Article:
Property & Wealth

South African housing market cooling down countrywide

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The boom times of recent years in the South African housing market seem to be over for now.

This is the picture that emerges from the latest FNB Provincial House Price Indices released last week.

All five FNB Major Regions’ House Price Indices showed slowing year-on-year growth in the third quarter of 2016.

Even the Western Cape Region Index, although remaining by far the strongest performer, may be ‘past its best’, showing for the third quarter, a slightly slower price inflation compared with the multi-year high of the previous quarter.

From the report of John Loos, household and property sector strategist at FNB, released last week, it emerges that across all regions there is a slowing in the housing market. This comes amid mounting financial constraints in the household sector – driven in recent years by house price inflation exceeding per capita income growth, rising interest rates, and growing concern among consumers about their economic and financial future.

Still at the top of the pile is the Western Cape, with year-on-year house price inflation of 10.5%. At the bottom of the pile is the Eastern Cape Province with a growth rate of only 0.1%.

Affordability

The report shows that there is a direct link between the strength of the market and affordability in terms of the link between house prices and the average per capita and per household incomes.

“Despite the Western Cape and Gauteng being, on average, the two most expensive provinces price-wise, they are not the least affordable. They also have by far the highest per capita and per household incomes.

“The Western Cape had the highest per household income of the major regions, to the tune of R245,788 in 2015, as estimated by HIS Globalinsight.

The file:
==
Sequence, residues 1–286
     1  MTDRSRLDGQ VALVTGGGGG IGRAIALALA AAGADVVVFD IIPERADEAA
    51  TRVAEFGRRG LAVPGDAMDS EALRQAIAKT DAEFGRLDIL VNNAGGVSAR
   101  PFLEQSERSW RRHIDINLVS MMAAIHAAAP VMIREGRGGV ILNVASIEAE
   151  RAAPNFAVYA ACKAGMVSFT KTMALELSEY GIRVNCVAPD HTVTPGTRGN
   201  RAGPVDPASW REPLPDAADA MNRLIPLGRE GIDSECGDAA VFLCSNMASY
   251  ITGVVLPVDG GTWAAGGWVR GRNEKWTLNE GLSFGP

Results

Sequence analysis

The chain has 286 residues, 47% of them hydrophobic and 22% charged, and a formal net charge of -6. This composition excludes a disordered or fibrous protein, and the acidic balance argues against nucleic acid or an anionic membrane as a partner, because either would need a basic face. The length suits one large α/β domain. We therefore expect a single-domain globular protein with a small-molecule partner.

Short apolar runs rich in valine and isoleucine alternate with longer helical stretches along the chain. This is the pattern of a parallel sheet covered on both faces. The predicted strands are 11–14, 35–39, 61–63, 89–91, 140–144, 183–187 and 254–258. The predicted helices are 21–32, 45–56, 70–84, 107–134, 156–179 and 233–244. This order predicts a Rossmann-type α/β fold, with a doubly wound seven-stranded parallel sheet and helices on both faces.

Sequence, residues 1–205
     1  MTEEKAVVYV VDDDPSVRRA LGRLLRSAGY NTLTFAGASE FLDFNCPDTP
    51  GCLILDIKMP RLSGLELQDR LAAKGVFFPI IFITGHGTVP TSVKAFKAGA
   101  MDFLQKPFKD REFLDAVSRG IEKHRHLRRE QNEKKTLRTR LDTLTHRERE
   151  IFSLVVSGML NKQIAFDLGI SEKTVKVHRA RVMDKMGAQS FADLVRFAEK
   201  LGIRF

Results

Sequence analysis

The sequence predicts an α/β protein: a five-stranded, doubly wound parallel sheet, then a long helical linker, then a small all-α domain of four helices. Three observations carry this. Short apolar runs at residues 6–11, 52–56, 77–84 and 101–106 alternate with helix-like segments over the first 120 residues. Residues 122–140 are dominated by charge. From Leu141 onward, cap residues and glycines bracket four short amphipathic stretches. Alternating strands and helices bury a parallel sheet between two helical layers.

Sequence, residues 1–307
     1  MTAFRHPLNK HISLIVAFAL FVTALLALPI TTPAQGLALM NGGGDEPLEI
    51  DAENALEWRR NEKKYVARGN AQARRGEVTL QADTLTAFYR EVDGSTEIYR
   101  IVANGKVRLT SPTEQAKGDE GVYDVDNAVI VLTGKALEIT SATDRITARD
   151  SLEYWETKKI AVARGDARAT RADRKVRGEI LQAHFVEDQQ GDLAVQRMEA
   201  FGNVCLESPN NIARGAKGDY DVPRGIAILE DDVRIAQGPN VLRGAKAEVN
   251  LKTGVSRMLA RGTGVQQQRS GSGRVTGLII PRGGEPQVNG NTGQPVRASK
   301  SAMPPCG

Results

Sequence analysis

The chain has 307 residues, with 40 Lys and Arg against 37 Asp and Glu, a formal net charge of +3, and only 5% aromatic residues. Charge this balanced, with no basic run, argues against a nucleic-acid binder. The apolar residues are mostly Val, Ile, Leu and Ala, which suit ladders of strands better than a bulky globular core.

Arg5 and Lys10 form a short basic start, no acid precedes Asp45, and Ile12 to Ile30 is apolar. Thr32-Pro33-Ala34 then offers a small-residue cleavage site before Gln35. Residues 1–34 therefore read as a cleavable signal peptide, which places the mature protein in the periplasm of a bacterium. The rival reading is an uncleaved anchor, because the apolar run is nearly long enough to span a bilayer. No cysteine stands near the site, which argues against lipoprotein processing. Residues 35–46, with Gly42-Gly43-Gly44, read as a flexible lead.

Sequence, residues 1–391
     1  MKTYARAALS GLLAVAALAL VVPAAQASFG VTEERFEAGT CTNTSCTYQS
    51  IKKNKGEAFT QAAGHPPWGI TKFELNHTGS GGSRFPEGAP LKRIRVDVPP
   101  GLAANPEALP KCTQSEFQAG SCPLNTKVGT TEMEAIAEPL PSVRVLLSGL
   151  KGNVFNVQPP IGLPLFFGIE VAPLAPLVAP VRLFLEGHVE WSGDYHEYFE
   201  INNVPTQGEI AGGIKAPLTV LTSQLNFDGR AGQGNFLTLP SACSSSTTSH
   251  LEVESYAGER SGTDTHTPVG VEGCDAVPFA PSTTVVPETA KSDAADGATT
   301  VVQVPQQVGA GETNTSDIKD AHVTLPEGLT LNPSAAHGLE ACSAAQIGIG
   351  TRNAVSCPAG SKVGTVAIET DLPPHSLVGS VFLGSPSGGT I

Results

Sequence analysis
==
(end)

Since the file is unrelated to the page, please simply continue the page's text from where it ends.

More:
Gauteng was not far behind with R229,192, with KZN a significantly lower third at R173,103.

“On a per capita income basis, Gauteng had the highest, estimated at R72,951 in 2015, followed closely by Western Cape with R70,628, and KZN third with R42,702, far lower than the top two.

“So the Western Cape and Gauteng are well ahead of the rest when it comes to either per capita income or per household income estimates,” the report states.

Going for the Western Cape

The affordability factor, stemming from the combination of house prices and income levels, are however not the only one that props up the market.

In his report Loos writes: “Through 2015 and early-2016, the Western Cape housing market bucked the broader national trend, strengthening for much of the period while the rest of the country trended weaker.

“We believe this was due to the province reaping the benefits of the strongly positive perceptions that it had built up for being the province with a combination of good lifestyle, well run, and with very good economic opportunity. (Our emphasis.)

“In recent years, we have seen the Western Cape having a strong ‘net inward migration’ of repeat home buyers, something the other eight provinces don’t have, and this may have provided some additional support to the region’s housing market.”

From this assessment, it is clear that the quality of governance in a region has a direct impact on the wellbeing of the market.

by Steve Whiteman

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